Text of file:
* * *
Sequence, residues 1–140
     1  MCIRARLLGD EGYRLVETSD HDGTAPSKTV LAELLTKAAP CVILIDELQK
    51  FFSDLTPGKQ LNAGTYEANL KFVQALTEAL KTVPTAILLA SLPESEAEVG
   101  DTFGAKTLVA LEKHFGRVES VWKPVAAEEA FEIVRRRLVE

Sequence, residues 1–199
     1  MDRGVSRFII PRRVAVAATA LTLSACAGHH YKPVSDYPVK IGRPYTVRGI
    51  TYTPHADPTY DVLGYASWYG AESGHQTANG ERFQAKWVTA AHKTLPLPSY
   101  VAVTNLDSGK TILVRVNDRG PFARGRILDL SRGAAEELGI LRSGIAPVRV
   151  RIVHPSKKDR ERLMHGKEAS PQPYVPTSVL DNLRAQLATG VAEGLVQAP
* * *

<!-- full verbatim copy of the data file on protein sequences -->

Sequence, residues 1–140
     1  MCIRARLLGD EGYRLVETSD HDGTAPSKTV LAELLTKAAP CVILIDELQK
    51  FFSDLTPGKQ LNAGTYEANL KFVQALTEAL KTVPTAILLA SLPESEAEVG
   101  DTFGAKTLVA LEKHFGRVES VWKPVAAEEA FEIVRRRLVE

Sequence, residues 1–199
     1  MDRGVSRFII PRRVAVAATA LTLSACAGHH YKPVSDYPVK IGRPYTVRGI
    51  TYTPHADPTY DVLGYASWYG AESGHQTANG ERFQAKWVTA AHKTLPLPSY
   101  VAVTNLDSGK TILVRVNDRG PFARGRILDL SRGAAEELGI LRSGIAPVRV
   151  RIVHPSKKDR ERLMHGKEAS PQPYVPTSVL DNLRAQLATG VAEGLVQAP